the English Restoration, might have continued if Oliver Cromwell’s son Richard, who was made Lord Protector on his father’s death, had been capable of carrying on his father’s policies. Richard Cromwell’s main weakness was that he did not have the confidence of the army. After seven months an army faction known as the Wallingford House party removed him on 6 May 1659 and reinstalled the Rump Parliament. [1]Charles Fleetwood was appointed a member of the ComAfter you have finished your new “toy”, keeping the mittee of Safety and of the Council of State, and one of the seven passion alive is one of the most important parts of the commissioners for the army. On restoration process. 9 June 1659 he was nominated lord-general (commander-inchief) of the army. However, his leadership was undermined in Participating in car shows, taking the car Parliament, which chose to disout for joy rides, and interacting with other regard the army’s authority in a restorers all help to keep the passion alive similar fashion to the post-First Civil War Parliament. A royaland to create ideas for future projects. ist uprising was planned for 1 August 1659 but it was foiled. However, Sir George Booth gained control of Cheshire; Charles II hoped that with Spanish support. could effect a landing, but none was forthcoming.[2] Booth held Cheshire until the end of August when he was defeated by General Lambert. The Commons, on 12 October 1659, cashiered General John Lambert and other officers, and installed Fleetwood as chief of a military council under the authority of the Speaker.[3] The next day Lambert ordered that the doors of the House be shut and the members kept out. On 26 October a “Committee of Safety” was appointed, of which.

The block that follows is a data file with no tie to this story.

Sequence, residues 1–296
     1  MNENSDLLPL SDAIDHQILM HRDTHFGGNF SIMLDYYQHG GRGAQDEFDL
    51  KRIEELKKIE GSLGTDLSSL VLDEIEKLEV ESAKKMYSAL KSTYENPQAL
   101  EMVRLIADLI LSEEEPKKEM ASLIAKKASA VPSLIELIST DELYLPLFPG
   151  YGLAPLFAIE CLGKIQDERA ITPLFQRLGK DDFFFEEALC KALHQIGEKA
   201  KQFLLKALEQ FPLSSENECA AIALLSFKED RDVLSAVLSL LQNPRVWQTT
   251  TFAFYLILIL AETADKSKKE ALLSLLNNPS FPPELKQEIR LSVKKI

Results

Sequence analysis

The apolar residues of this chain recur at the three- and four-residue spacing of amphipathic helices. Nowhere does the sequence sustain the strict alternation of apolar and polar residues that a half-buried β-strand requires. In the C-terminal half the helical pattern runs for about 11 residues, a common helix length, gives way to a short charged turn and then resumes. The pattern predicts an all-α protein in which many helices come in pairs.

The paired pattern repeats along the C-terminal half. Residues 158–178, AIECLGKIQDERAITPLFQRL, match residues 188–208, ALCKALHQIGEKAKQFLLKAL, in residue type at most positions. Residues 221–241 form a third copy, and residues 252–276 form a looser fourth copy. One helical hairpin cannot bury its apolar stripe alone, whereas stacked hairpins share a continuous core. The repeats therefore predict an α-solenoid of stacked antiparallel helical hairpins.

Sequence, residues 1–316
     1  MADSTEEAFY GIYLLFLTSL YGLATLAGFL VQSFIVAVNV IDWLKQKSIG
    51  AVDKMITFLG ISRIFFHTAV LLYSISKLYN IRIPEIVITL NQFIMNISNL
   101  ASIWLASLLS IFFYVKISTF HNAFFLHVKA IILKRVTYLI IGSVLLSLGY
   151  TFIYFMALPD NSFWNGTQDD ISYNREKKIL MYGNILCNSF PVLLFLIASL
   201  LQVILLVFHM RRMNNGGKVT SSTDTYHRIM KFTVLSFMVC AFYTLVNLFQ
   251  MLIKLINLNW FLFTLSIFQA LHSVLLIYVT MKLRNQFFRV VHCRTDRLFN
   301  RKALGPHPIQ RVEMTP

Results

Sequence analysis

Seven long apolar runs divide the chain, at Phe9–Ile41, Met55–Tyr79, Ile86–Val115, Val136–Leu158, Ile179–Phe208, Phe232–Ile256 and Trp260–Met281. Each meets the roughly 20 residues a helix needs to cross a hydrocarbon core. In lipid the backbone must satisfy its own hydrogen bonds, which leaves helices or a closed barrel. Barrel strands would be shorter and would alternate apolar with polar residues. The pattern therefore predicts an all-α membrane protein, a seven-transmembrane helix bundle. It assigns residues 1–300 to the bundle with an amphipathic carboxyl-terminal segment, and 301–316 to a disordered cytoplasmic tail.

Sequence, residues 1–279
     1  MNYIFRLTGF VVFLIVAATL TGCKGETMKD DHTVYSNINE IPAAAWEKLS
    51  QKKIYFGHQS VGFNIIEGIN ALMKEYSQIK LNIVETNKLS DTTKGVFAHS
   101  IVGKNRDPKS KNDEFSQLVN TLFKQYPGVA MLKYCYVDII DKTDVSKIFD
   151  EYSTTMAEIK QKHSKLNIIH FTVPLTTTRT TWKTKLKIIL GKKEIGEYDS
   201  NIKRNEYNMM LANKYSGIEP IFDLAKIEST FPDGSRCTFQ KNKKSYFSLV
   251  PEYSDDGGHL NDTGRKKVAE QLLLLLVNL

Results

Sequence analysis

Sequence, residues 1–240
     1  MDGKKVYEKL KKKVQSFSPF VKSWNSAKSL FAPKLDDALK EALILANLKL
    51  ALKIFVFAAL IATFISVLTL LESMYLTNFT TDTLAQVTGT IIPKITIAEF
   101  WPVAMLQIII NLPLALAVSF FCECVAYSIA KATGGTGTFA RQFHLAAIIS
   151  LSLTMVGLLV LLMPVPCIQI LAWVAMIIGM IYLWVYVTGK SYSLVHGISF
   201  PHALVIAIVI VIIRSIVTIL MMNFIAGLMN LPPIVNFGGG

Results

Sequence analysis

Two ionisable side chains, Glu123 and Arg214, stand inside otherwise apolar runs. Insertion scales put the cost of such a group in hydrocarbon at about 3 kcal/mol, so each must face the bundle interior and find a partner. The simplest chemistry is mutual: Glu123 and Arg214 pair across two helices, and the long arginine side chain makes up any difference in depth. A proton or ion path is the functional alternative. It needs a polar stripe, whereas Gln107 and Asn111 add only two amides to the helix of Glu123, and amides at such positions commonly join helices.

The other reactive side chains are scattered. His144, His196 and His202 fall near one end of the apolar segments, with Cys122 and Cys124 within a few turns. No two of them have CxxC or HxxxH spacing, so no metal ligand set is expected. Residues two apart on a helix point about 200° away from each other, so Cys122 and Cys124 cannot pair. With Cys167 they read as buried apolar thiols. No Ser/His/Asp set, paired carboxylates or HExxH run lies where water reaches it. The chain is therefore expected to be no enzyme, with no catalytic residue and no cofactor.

03


Manifold